You read our 2020 Guide to Creating a Successful Podcast: Setting Up a Home or Office Studio post, and you now have your studio ready to go. Perhaps you’ve even recorded your first episode, and now it’s time to bring in guests for the next one. Where do you start? There are a couple of things to consider. You may have guests join you in your home/office studio, but chances are you’ll have them join remotely, either because you’re social distancing or because they’re based in a different city. Let’s tackle both scenarios, starting with remote guests.
You have many options for bringing virtual guests into your podcasts using your computer including services like Zoom, Skype, Goto Meeting, and Google Hangouts. Using these services to bring guests into an episode is absolutely possible, but it can be a little tricky. I recommend experimenting with a couple of different platforms before it’s showtime.
Almost all of these platforms have the ability to record a session in the cloud, which you can download after. However, the quality of the internet connections on both ends will dictate how the finished product sounds and may result in poor sound quality at times. Once downloaded, the audio can be edited in your DAW (Digital Audio Workstation, ie: Audacity, Adobe Audition, Garageband, Hindenburg, ProTools etc, see Part One) to create the final mix of your episode.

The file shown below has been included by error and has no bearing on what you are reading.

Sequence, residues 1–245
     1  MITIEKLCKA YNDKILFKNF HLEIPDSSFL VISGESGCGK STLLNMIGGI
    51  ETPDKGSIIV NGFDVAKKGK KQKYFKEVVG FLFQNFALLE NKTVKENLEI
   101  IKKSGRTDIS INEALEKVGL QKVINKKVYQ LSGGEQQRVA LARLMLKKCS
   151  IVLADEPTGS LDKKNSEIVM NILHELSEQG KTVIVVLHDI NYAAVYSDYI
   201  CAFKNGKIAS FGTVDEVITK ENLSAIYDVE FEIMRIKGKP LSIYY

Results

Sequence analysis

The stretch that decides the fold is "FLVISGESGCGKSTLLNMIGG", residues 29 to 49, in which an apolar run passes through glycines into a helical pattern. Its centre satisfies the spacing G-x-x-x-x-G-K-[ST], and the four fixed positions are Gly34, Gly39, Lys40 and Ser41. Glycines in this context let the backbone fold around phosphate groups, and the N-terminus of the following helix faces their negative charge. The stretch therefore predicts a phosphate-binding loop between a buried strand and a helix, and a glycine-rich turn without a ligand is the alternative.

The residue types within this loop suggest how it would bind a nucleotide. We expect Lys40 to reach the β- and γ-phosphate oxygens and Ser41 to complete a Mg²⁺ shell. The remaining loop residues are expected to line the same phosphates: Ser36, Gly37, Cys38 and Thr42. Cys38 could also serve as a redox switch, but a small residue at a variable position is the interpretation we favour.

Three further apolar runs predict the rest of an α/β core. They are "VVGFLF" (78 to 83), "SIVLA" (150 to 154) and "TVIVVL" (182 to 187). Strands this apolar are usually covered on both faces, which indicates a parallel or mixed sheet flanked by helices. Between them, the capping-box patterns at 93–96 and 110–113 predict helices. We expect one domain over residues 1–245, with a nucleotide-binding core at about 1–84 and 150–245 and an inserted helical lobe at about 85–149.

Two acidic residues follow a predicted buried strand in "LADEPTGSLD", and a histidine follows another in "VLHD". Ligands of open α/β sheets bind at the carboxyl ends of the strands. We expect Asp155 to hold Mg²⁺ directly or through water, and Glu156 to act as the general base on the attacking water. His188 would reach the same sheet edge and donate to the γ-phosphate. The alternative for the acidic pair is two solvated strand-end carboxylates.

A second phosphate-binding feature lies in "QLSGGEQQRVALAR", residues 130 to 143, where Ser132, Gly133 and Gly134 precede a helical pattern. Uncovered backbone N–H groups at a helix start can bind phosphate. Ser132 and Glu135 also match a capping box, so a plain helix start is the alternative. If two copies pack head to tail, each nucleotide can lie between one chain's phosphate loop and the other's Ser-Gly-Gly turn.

Don’t fret! The good is there are several services that are now making the process of remote recording your podcast so much easier. With platforms like Zencastr, Ringr and SquadCast, you invite guests to join a session and each person’s audio is recorded locally then saved for you to bring into your DAW for editing later, making them sound as if they were in the studio with you or at least close to it. Of course, the quality of your guests’ microphones will play into the final sound. If you have a remote co-host, it will be worth them investing in a USB microphone (see Part One for suggestions), preferably the same one you purchased.
If you’re going to consistently bring guests in from the outside or even in person, Rode Microphones has come to the rescue with a moderately priced podcast production studio specifically designed for, you guessed it, podcasters! The Rodecaster Pro is an easy-to-use studio that will connect to your Mac or PC via a USB port. Here’s how the manufacturer describes the Rodecaster Pro: “The RØDECaster Pro™ is designed to simplify podcast production whilst delivering superb audio quality. It supports up to four presenters, as well as offering easy connection to phone, USB and Bluetooth™ sources. Eight programmable pads offer instant playback of sound effects and jingles. Podcasts can be recorded directly to microSD™ card, or to a computer via USB. Ease of use is assured, with intuitive controls and large full-colour touchscreen.” By connecting through your smartphone’s Bluetooth, you can easily bring a guest into the conversation. Not to mention you can connect up to four XLR microphones (like a RodeProcaster or Blue Microphones Yeti Pro Condenser Microphone) for “in-studio guests.”